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Saint Lucia: mountain landscapes and volcanoes

The island of Saint Lucia is a parliamentary monarchy associated with the British Commonwealth, the state, located in the Lesser Antilles, between the Caribbean Sea to the west and the Atlantic Ocean to the east, north of Saint Vincent and the Grenadines, and south of Martinique, it has for the capital and main port the city of Castries located along the north-west coast of the island.

Saint Lucia is mountainous and volcanic origin, along the southwestern coast has two characteristic volcanic peaks Gros Piton (770 metres) and Petit Piton (743 metres), while the highest peak of the island is Mount Gimie (950 metres). The economy is based on agriculture (bananas, cocoa, citrus fruits and coconuts), the chemical and food industry, fisheries and tourism.

The island of Saint Lucia was explored by the Spanish in the early sixteenth century, but the first European settlements were established there in the mid-seventeenth century by French and English. The island was subject to bitter disputes between the English and French, but until the end of the eighteenth century the French were those that for the longest time had control. With the Napoleonic wars Saint Lucia finally became part of the British possessions. The French influence is still present, however, 90/95% of the population speaks French Creole as their mother tongue.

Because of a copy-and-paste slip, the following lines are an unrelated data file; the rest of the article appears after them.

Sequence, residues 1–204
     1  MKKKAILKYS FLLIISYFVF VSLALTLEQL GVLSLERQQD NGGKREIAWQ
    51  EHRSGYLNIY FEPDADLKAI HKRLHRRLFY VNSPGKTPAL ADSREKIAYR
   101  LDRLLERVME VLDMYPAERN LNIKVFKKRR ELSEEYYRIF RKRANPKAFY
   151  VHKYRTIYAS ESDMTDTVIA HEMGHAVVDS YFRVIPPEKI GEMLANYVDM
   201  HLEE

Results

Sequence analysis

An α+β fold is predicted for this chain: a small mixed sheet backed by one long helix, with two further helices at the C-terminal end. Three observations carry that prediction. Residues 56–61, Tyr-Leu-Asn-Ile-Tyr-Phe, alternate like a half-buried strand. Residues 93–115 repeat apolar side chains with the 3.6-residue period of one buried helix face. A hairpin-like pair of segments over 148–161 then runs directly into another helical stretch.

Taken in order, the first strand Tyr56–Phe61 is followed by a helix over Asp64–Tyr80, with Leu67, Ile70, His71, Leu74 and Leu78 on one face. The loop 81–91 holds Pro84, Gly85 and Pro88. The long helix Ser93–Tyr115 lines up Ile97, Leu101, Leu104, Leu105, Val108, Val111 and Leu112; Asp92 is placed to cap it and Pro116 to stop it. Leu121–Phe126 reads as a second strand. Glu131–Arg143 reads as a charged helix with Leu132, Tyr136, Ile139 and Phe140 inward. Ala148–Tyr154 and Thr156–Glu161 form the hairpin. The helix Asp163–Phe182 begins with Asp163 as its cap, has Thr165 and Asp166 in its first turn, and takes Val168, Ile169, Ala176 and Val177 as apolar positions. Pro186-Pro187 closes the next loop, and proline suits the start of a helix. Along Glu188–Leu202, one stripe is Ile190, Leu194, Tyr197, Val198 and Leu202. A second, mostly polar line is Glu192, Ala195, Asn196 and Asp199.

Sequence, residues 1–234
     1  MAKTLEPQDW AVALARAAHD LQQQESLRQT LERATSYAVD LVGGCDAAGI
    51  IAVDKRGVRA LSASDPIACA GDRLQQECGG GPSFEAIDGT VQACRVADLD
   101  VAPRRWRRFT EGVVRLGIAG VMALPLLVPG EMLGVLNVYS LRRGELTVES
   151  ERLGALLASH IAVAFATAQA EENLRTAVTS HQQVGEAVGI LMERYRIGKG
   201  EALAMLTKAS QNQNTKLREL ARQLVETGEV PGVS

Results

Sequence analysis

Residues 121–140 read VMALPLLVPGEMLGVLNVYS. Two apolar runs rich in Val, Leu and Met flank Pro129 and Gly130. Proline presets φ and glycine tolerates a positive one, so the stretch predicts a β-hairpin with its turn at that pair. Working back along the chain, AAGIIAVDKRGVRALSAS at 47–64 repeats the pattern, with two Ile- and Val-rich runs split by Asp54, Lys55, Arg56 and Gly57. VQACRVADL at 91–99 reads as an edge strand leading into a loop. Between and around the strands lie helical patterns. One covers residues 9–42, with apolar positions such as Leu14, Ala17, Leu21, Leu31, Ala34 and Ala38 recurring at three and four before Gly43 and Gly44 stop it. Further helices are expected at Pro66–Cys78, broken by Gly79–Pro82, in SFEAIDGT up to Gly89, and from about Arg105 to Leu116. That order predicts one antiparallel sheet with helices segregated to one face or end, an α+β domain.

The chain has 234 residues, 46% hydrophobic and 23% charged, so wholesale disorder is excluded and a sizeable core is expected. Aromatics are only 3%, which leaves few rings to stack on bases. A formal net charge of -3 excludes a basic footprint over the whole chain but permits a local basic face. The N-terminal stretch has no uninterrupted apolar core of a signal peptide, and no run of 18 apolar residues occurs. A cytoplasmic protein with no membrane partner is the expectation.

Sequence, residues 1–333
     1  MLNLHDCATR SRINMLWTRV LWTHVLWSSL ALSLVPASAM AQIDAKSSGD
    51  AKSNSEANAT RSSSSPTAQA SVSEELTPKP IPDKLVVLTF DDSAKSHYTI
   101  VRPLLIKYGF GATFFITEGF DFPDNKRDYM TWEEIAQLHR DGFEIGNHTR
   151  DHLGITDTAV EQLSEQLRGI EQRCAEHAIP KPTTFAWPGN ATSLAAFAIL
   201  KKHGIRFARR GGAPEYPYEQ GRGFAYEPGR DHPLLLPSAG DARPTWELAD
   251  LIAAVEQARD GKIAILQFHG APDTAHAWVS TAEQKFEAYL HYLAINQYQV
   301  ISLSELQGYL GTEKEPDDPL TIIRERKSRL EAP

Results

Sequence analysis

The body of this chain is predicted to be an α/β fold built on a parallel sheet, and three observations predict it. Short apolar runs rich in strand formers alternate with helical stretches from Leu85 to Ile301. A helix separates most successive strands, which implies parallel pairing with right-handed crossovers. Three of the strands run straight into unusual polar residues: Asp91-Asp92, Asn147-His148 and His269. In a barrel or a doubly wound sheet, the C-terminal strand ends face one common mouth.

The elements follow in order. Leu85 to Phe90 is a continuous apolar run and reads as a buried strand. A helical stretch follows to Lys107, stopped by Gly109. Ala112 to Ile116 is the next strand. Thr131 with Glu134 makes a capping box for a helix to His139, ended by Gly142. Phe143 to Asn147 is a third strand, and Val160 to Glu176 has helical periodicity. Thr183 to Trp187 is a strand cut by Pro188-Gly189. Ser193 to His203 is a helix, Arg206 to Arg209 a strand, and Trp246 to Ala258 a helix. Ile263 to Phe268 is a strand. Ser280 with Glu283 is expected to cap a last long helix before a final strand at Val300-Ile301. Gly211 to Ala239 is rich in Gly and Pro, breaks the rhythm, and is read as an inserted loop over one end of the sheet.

• Area: 616 sqkm. (Arable 29%, Pastures 5%, Forests and Woodlands 13%, Uncultivated and Unproductive 53%)
  • Population: 160,000 (2005 data) (Africans 90%, Mulattos (descendants of European and African) 5%, Asians 3%, Europeans 1%).
  • State Capital: Castries.
  • Language: Official language is English. Spoken also a French-Creole (90/95%).
  • Religion: Christian 93% (Catholic 70%, Protestant 23% (Adventist 7%, Pentecostal 6%, Anglican 2%, Evangelic 2%), Rastafari 2%.
  • Currency: East Caribbean Dollar (XCD)
  • Time: UTC -4 hours.

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